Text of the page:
Call to Arms
Poor Uther, Liadrin and Arthas. This one hurts, and rightfully so. Aggressive Paladin lists had been popular for a while, and the addition of Call to Arms gave them quite an extra boost. Turns out paying 4 Mana for minions you should’ve payed 6 Mana for is pretty good. Of course you need to build your deck a bit around the card, but when there are only a handful of viable 2-drops available, the choice can be made quickly.
Paladin’s most oppressive deck now, Even Paladin, will be completely erased from existence. Call to Arms was that core to its strategy. And with Odd Paladin (already the worst Paladin list) only pulling 1-drops from Call to Arms, the card will only find home in decks that contain both even and odd costed cards.
The Caverns Below
Sigh. Oh Quest Rogue. As I argued a couple of weeks ago, the deck does indeed have its issues. While it’s one of the hardest decks in Hearthstone’s history, its complexity was overshadowed by the incredibly polarized match-ups. Against aggressive decks you’d almost guaranteed lose, against control-oriented decks you’d almost guaranteed win. So how will the second nerf to Quest Rogue affect the deck? Well, the opinions are incredibly divided.
Some say the deck will be completely dead, as its burst potential is lower and cards like Primordial Drake now kill the incoming 4/4’s. Others think Valeera the Hollow will become more essential to achieve a victory, but that overall it should still fare decently well. And then the last group says nothing will change at all. Quest Rogue is a tough beast to tackle. Blizzard has overlooked the deck twice, so it’s nearly impossible to say with confidence what will happen.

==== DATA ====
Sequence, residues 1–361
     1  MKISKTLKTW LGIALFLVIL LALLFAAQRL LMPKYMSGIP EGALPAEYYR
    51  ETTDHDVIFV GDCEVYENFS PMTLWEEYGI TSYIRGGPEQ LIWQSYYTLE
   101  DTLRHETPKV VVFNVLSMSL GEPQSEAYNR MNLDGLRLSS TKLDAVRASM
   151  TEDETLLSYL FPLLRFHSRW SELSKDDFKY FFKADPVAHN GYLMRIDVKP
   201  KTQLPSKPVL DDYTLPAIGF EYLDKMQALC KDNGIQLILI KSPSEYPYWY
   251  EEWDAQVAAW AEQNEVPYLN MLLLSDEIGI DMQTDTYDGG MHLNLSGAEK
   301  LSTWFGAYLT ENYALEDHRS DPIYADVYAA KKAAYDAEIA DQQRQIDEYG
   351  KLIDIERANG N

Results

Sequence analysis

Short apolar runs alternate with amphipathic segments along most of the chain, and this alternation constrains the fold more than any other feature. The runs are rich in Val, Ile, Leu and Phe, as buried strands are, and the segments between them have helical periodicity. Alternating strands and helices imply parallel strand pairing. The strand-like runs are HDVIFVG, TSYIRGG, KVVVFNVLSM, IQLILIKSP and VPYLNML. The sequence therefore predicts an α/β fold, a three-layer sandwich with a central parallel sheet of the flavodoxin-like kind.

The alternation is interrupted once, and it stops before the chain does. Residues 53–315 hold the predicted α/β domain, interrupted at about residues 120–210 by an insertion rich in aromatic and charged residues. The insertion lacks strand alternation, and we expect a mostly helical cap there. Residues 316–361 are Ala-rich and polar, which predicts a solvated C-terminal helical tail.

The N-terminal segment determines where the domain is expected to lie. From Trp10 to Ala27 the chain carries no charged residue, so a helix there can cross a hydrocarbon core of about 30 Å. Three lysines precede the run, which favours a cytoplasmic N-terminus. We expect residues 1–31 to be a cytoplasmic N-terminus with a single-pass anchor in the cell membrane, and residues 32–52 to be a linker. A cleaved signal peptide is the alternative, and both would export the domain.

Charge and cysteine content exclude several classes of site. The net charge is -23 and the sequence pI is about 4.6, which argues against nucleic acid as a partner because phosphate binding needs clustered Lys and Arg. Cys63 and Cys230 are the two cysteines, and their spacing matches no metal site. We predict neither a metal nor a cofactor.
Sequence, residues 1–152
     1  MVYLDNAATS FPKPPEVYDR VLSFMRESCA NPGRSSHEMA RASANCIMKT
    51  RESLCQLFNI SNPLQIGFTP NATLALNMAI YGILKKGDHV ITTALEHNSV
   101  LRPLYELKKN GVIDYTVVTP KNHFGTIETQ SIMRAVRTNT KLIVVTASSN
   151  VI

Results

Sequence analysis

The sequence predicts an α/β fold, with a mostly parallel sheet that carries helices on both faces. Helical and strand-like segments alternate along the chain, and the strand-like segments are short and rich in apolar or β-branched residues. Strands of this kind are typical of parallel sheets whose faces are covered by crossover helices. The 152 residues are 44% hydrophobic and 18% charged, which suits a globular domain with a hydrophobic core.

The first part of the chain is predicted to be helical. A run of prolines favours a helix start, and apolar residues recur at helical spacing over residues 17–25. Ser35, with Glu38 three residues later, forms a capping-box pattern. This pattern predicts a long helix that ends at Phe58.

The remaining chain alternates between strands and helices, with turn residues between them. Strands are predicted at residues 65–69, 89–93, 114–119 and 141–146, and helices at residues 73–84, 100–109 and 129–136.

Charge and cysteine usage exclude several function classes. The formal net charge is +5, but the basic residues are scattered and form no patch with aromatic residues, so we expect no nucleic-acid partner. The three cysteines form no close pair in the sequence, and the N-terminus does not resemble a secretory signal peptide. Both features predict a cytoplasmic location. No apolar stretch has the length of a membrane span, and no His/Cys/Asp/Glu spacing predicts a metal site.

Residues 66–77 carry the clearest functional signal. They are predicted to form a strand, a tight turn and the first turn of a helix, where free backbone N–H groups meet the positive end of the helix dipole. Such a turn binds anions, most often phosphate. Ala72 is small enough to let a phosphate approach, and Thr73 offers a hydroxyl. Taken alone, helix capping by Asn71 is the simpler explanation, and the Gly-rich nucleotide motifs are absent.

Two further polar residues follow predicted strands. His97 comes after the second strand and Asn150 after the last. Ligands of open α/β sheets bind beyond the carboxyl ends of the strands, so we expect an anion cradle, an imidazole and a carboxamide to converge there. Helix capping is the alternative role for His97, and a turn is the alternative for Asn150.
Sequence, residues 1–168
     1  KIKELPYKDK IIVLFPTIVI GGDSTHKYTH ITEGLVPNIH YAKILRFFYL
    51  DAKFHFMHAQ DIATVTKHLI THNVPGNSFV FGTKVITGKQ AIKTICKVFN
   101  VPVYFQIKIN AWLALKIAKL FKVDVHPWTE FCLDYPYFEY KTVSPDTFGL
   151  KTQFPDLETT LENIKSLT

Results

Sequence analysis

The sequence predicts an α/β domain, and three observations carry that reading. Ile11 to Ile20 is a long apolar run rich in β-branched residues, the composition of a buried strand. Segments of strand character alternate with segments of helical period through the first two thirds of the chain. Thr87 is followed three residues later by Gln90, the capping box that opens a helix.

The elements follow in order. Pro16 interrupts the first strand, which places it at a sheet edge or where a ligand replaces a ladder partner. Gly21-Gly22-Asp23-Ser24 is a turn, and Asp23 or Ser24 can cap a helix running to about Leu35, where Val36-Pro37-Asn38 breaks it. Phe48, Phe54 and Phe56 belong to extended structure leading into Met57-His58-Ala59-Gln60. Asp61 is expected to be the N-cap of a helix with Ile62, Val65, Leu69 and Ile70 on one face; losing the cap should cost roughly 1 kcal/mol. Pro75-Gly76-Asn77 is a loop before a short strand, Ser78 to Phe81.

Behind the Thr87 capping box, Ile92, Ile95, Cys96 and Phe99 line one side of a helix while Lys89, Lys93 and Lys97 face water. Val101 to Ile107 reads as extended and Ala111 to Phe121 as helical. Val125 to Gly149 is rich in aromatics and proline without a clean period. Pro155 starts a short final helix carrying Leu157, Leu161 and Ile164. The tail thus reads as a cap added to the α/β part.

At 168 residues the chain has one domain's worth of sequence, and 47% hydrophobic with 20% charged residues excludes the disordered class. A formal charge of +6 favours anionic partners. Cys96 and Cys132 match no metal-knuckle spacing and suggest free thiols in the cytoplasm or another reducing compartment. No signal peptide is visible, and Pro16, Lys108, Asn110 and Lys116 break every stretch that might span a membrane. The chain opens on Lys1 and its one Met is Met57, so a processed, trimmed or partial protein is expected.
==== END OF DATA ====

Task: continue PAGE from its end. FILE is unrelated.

Winners and losers
Will Anduin reign supreme soon?
So with these changes, what will happen to the Hearthstone meta? Even Paladin lists take the heaviest blow as they are completely trash without Call to Arms. However, don’t say goodbye to aggressive Paladin lists just yet. Murloc Paladin was already lurking in the shadows, and that deck just might find use for Call to Arms still. Aside from that deck, another aggressive deck goes completely untouched: Burn Mage. Aluneth was on many player’s nerf list too, but with the card-drawing staff intact Mages will almost certainly rise in popularity.
Mind Blast Priests too avoided the nerf hammer, and with some players already considering the deck the best one around, it’s almost certain the deck will be seen more. The same cannot be said as easily of two decks that others consider the best: Cubelock and Control Warlock. With Possessed Lackey and Dark Pact taking a hit Warlocks take a hit. But will both Cubelock and Control Warlock cease to exist? Doomguard somewhat inexplicably dodged the bullet once again (make it have Rush and discard 1 card, please), and Control Warlock can often outlast other decks even without activating Possessed Lackey.
The meta is bound to depolarize. Rock, paper, scissors won’t be as prevalent as it is now. While the power level of Quest Rogue is uncertain, I’d be hard-pressed to say all the changes won’t make the deck’s match-ups at least a little better for control-oriented decks.